I don’t write about myself a lot. This is due to a lot of things, but today I’m feeling introspective, so, as with Newscoma’s Annoying Autobiographical Pauses, if you don’t want to read me writing about me, enjoy these stories about former Darwin Award winners.
I’m a 36 year old college drop out. I left college the first time almost exactly 16 years ago. The reasons aren’t really that important right now, but let’s just say that financial and personal problems led me to believe that college was no longer a priority for me.
I moved back home and began working odd jobs, I worked in Fast Food, and as a tuxedo inspector at one of the largest tux rental facilities in the US, and then, as a fulfillment manager at a local book publishing company. All three of these jobs occurred between 1993 and 1995.
Somewhere in 1994 I met up with some kindred spirits in the theater world, this led to an 8 year working relationship that eventually brought me into the industry that I now work in. I opened a business with one member of that troupe, and wrote and performed in all kinds of productions. There were a lot of good things in that time that engaged me personally, and helped make me who I am today, but the abject poverty that I experienced at that time eventually became too much to bear. By the end of the 90’s I had decided that poverty just wasn’t working for me, so I took a job in the event production industry, which is the industry I work in today.
As with any job, there are trade-offs. I find myself out of town for long stretches of time, which puts pressure on relationships of all kinds, and makes it difficult for me to be involved in many of the civic activities that I was involved in during my more impoverished days. On the flip side, I’ve been able to buy a home, and live a fairly comfortable, even slackful life when I am at home. Because my “office” is someplace new nearly every week, there are few of the long term, or deep seeded internal struggles that make up many work environments.
Now, some ten years into this career, I’m starting to question what I’m missing. I’ve lived in Memphis for nearly 4 and a half years, and in many ways, still feel like an alien. Part of this comes from the logistical challenges of cultivating new friendships while maintaining a schedule that keeps me out of town some 200+ days a year. Part of it comes from the cliquish nature of Memphis. Still another part comes from having the social graces of a wood chipper.
I like what I do, by and large, but I don’t like not being able to immerse myself in the local political culture, warts and all. Despite my long-term fascination with politics, I haven’t found myself to be any more or less jaded than most people. I believe that, while some may involve themselves in politics for personal gain, that most people get involved because they feel they can have a positive impact. I still believe in the positive potential of political involvement and activism, and that is, in large part why I write this blog. If I can’t be here, perhaps I can, at least, add something to the conversation.
So now I want to be here more. I want to get physically involved in the process. My intellectual involvement, but physical detachment from local politics is no longer satisfying my desire to try and make a difference in the community. I want to get down in the trenches…there’s just this one problem; how do I do that, and maintain a travel schedule that I can barely keep up with? Or, if I ditch much of my travel work, how do I maintain even a portion of the financial security that I’ve worked for the past 10 years to achieve?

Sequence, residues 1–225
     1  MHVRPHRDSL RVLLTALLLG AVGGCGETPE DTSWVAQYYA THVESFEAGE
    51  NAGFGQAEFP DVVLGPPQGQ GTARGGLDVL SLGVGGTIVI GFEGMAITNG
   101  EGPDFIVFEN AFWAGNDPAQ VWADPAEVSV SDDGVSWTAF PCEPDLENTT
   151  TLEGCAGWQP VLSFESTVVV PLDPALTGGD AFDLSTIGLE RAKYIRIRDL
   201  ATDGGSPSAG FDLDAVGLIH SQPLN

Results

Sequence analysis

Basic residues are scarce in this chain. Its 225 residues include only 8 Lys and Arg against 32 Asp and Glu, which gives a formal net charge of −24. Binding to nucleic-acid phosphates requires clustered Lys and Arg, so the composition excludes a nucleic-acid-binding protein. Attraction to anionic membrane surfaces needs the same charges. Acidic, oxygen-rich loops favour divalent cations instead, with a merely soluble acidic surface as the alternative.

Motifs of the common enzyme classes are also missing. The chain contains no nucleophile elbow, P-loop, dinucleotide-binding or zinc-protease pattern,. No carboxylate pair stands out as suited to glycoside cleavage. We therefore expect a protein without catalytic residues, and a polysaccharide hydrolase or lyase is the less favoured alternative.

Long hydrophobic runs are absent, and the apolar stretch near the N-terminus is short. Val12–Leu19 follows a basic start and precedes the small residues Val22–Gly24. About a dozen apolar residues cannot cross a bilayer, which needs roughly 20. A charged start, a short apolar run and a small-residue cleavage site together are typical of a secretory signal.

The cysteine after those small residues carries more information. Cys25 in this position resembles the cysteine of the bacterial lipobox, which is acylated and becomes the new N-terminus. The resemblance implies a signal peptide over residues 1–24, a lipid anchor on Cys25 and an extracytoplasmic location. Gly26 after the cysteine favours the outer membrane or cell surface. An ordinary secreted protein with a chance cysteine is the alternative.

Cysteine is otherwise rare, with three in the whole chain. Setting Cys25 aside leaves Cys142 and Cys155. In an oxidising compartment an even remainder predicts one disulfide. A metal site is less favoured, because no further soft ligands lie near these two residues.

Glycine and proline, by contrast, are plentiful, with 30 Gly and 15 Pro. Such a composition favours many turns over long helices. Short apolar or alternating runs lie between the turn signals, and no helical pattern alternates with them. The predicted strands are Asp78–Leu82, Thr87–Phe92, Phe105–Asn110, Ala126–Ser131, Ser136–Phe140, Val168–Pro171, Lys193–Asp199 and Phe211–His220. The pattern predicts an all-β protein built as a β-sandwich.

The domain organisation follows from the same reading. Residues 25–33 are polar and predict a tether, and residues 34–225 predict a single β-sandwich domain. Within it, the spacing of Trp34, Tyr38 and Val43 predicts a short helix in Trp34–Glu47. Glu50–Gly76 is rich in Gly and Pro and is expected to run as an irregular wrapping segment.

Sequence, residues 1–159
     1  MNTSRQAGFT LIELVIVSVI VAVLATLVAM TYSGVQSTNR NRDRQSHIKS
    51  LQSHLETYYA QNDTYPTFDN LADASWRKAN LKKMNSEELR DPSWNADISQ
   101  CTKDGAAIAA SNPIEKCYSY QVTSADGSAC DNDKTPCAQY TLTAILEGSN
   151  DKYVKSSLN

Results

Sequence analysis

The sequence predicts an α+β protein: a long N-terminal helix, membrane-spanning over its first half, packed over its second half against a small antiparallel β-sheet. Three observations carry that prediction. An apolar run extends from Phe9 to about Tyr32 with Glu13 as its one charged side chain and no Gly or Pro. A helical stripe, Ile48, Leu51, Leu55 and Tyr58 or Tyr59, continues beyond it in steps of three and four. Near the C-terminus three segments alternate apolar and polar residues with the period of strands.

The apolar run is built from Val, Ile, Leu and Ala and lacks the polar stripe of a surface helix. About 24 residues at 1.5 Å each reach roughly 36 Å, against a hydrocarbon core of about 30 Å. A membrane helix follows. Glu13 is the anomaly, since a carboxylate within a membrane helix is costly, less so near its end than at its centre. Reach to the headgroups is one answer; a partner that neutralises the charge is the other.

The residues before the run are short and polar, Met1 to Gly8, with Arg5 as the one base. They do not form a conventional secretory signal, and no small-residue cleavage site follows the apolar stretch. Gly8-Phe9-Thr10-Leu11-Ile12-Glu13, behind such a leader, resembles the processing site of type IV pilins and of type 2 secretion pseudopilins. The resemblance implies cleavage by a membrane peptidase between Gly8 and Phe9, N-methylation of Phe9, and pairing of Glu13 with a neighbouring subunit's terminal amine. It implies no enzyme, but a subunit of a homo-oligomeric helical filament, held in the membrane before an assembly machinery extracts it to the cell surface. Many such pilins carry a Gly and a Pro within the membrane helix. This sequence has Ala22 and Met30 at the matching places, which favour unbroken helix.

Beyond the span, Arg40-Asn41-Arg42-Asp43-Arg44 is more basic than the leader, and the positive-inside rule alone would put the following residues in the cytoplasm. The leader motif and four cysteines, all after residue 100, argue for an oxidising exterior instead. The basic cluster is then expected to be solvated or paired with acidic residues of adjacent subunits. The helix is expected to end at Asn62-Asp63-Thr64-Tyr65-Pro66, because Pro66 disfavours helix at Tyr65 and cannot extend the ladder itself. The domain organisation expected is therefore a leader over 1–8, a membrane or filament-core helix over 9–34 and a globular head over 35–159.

It seems like a Catch 22 that makes me nervous.
So, I don’t guess I’m writing this for any kind of advice or anything, but to flesh out the balance between what my wallet, brain and heart think I should do. All three of these “internal entities” are in varying degrees of conflict, to a point that I may just have to do something, and deal with the consequences, or do nothing, and enjoy the financial gains, while feeling that my desire to be a part of building transformative change here in Memphis is hamstrung by my inability to fully integrate word and deed.
Anyway, if you managed to read this “poor little rich boy” (I am by no means rich) story and not make a mocking tiny violin gesture in my general direction, I guess you’re either sympathetic, or not used to mocking people nearly enough. I would be mocking the hell out of me right now if this weren’t bugging me so much. So yeah, that’s it. Thanks for dragging yourself through my miniature string quartet of self-pity. Have a good Halloween.
Oh the irony. Senator Ted Stevens (R-AK) contends that he is not a convicted felon until he exhausts his appeals process. Nice.
This is an interesting standard from a guy who voted to restrict the number of appeals that death row inmates can utilize.
Does the Senator believe that a convicted sex offender, murder, or other unseemly character appealing his or her conviction, is not a convict? I doubt it, but under the standard espoused by the Senator, that would be the case.
Stevens may not be in federal custody, or in jail, or anything else, but that doesn’t make him any less a convict. The long hard truth of the matter is that Ted Stevens has been convicted, and until that conviction is overturned, he is a convict, period.